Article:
The global pandemic caused a massive shift in the way we work, and the way we live, the impacts of which, we are still in the midst of discovering. However, as citizens of the earth, we must learn to pivot and pivot fast. Of course, the health of the human race is of the utmost importance. However, so should be the health of the planet we inhabit. We must continue our efforts in curtailing the use of virgin plastic, increase plastic recycling, and coordinate efforts in adopting circular economy approaches.
May we be good humans and fight a good fight, for the good of our planet.
Gartner: Women in supply chain at five-year high
Women now represent a greater percentage of the supply chain workforce than at any other point in at least the past five years, according to a recent Gartner survey.
The Women in Supply Chain Survey 2021, conducted by Gartner and Awesome, surveyed 223 supply chain organisations with more than $100m in annual revenue from February through to the end of March 2021.
- Women represent 2% more of supply chain workforce than in 2020
- Women now account for 42% of the workforce
- Number of women in exec-level positions declined by 2%
- Just 15% of top leadership are women (17% in 2020)
- 84% of organisations say COVID-19 did not impact efforts to advance women
It found that women now represent two per cent more of the supply chain workforce than in 2020, accounting for 42%, compared with 39% last year. Dana Stiffler, Vice President Analyst with the Gartner Supply Chain practice, says the impact of COVID-19 on supply chain was significant, though different to other sectors.
"Contrary to other industries, supply chain’s mission-criticality during the COVID-19 pandemic has meant that many sectors did not reduce their workforce, but rather continued to hire and even faced talent shortages, especially in the product supply chains," she said. "This resulted in many women not only standing their ground in supply chain organisations but increasing their representation in organisations. We also recorded a record number of specific commitments and supply chain-led actions and saw existing programs starting to pay off."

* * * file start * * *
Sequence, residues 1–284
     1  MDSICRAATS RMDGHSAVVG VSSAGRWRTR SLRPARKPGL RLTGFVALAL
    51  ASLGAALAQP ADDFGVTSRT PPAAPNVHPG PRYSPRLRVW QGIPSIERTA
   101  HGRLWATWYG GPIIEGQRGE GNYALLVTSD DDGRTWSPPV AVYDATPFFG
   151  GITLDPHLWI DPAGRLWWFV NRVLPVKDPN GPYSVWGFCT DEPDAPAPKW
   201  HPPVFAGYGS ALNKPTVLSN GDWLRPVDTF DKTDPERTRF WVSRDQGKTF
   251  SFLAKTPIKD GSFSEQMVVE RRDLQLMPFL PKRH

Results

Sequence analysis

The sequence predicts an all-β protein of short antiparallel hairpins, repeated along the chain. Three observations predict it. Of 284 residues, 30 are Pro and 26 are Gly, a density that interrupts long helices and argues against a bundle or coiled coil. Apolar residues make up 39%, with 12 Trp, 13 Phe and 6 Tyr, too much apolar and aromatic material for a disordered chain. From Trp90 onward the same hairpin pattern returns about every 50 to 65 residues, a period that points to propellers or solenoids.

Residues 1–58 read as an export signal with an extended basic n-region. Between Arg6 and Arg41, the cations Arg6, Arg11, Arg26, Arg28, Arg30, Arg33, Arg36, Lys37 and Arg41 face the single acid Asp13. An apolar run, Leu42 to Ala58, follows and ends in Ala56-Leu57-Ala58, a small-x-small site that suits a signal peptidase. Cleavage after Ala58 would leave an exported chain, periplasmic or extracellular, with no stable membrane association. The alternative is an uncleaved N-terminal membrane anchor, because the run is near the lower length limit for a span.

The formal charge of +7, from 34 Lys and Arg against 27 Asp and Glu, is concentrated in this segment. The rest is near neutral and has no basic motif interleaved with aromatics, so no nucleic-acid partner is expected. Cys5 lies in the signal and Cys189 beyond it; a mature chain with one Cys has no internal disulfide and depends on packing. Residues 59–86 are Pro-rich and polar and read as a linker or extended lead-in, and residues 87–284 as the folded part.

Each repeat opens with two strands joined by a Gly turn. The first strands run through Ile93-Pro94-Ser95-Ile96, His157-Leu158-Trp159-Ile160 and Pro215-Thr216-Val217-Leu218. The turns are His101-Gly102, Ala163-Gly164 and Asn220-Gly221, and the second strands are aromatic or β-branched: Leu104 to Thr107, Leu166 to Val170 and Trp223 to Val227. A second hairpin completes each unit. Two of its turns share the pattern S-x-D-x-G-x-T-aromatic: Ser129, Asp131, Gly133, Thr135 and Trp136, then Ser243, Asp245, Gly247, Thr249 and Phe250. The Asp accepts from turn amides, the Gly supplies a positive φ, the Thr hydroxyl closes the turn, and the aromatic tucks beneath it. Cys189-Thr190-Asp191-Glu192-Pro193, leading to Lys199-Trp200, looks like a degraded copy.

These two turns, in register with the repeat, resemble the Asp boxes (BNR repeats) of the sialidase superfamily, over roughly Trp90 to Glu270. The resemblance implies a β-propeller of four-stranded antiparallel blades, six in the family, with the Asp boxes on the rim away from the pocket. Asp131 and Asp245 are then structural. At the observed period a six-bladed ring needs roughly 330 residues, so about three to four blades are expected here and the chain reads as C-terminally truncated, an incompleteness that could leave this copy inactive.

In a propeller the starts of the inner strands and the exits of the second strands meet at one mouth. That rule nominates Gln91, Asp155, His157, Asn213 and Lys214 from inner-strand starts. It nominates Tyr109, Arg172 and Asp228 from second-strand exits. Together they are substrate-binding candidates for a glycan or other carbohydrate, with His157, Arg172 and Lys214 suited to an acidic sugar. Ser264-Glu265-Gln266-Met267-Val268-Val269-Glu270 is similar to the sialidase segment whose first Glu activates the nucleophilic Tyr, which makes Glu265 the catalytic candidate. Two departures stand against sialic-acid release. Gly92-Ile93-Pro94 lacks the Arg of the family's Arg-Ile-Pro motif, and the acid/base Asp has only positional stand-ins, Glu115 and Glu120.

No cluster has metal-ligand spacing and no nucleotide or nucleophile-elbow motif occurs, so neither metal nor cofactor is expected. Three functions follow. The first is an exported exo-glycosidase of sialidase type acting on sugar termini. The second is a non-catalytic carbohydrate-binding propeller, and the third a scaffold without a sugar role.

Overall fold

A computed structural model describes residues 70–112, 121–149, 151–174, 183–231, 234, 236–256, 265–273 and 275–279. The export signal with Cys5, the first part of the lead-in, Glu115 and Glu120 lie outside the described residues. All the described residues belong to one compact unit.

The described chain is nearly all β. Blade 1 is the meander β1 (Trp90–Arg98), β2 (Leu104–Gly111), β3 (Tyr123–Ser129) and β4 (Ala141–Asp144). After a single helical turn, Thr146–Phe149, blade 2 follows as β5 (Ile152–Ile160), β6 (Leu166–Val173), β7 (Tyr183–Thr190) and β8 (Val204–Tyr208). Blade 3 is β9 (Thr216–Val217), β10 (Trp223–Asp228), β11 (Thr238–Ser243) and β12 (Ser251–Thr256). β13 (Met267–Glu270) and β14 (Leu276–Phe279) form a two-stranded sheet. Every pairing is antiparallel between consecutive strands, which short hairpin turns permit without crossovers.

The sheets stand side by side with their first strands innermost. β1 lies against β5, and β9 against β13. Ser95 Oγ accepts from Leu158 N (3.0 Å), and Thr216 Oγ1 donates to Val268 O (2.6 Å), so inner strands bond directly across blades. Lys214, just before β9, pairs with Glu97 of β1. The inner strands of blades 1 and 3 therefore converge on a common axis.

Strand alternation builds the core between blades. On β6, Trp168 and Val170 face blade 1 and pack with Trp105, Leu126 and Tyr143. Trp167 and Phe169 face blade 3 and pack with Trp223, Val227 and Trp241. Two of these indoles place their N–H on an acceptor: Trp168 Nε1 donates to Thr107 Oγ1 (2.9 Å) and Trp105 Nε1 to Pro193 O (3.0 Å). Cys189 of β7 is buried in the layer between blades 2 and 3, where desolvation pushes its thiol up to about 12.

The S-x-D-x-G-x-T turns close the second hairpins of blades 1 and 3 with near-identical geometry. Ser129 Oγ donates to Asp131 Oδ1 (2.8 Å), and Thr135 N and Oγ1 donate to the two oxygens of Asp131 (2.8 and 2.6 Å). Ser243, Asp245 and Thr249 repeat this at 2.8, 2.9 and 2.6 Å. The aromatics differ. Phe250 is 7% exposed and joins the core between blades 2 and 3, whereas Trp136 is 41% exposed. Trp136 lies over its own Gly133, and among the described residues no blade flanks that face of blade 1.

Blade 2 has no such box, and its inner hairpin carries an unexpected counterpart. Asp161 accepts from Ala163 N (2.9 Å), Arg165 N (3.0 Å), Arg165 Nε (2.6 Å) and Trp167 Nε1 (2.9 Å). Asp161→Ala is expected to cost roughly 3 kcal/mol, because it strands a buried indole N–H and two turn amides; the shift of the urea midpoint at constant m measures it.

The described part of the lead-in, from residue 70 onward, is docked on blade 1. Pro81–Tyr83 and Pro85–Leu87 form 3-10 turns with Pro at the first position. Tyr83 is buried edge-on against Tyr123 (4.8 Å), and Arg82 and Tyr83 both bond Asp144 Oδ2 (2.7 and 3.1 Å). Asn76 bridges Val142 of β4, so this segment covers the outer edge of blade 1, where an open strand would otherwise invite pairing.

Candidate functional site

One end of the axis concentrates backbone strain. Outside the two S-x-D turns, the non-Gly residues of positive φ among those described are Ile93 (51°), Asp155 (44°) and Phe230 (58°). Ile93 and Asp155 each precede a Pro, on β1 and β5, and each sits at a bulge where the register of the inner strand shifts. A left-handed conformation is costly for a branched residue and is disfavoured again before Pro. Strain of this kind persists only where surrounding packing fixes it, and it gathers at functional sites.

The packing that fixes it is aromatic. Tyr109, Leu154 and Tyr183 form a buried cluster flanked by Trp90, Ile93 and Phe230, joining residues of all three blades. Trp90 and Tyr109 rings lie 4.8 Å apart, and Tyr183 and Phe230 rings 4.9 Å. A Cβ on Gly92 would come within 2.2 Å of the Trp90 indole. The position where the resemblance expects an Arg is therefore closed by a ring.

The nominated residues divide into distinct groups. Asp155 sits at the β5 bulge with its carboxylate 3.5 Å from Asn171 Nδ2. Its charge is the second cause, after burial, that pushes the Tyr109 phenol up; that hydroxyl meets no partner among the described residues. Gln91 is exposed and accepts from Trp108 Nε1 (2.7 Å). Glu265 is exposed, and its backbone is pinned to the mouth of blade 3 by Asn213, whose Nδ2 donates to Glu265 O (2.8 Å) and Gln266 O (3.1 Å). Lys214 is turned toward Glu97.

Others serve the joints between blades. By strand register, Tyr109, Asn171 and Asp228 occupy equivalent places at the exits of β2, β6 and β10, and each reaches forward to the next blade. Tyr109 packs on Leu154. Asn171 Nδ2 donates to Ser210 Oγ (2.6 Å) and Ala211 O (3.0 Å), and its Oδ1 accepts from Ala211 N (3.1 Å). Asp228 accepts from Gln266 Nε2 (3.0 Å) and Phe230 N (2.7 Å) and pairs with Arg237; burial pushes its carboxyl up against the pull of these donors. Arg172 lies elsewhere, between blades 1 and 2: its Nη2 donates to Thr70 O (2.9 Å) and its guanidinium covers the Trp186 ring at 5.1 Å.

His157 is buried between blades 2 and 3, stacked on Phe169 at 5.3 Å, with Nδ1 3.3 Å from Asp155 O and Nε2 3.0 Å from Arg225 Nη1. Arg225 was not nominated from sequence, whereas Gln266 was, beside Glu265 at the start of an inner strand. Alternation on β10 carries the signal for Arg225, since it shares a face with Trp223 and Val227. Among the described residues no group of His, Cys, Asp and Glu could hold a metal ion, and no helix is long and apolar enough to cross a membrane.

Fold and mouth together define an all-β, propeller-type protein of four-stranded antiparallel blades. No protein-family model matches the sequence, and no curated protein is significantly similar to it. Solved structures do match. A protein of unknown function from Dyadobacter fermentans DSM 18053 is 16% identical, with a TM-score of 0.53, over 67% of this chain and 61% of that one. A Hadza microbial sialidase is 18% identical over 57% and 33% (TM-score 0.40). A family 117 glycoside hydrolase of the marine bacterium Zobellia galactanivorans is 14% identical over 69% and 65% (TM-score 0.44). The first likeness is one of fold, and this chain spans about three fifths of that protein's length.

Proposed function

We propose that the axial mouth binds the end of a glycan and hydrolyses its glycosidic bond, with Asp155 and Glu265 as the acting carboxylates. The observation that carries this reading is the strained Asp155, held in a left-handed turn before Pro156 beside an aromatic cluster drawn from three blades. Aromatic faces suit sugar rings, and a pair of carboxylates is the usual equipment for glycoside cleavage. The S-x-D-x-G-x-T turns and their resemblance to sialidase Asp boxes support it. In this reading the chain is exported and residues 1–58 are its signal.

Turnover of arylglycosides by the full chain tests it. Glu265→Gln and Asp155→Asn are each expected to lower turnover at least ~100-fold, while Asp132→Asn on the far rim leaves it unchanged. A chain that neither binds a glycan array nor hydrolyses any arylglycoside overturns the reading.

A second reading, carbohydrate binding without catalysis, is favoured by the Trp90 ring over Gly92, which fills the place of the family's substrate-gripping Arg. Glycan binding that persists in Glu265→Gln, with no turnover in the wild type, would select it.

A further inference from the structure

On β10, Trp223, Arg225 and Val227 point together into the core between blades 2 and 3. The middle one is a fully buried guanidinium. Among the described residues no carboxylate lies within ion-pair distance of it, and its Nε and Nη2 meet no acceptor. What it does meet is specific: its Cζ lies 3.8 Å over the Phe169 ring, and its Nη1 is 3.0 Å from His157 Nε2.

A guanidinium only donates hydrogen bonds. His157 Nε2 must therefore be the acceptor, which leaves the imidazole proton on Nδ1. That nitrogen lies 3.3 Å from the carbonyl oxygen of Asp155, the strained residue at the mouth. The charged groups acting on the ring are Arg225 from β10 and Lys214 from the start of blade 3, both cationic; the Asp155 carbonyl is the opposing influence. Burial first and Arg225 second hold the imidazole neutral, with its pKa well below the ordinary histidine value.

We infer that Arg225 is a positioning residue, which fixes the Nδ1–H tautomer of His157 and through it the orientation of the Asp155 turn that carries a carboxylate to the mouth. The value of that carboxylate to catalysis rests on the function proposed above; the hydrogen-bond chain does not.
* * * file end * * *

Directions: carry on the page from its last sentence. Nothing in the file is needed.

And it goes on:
Supply chain still lacks women in executive leadership
But the elephant in the boardroom remains. Though the figures present a positive step towards greater diversity and gender equality at all levels, the number of women in executive level positions declined by two per cent in the past year. Women represent just 15% of the upper echelons of supply chain leadership. Gartner did however record a rise in women at all other levels of leadership.
The vast majority (84%) of organisations surveyed said the outbreak had no discernible impact on their ability to retain and advance women. But more than half (54%) admitted that retaining mid-career women was becoming increasingly difficult. A lack of career opportunities was cited as the biggest challenge to this, while other blamed a lack of development opportunities.
Despite these challenges, companies of all sizes are becoming broadly better at gender diversity. Around a third more said they had a targeted initiative focused on attracting women and advancing their careers.
Stiffler said a push towards measurable and formal initiatives is at least pointing in the right direction: “It's encouraging to see that the larger share of this jump was for more formal targets and specific goals on management scorecards. For these respondents, there is greater accountability for results — and we see the correlation with stronger representation and inclusion showing up in pipelines.”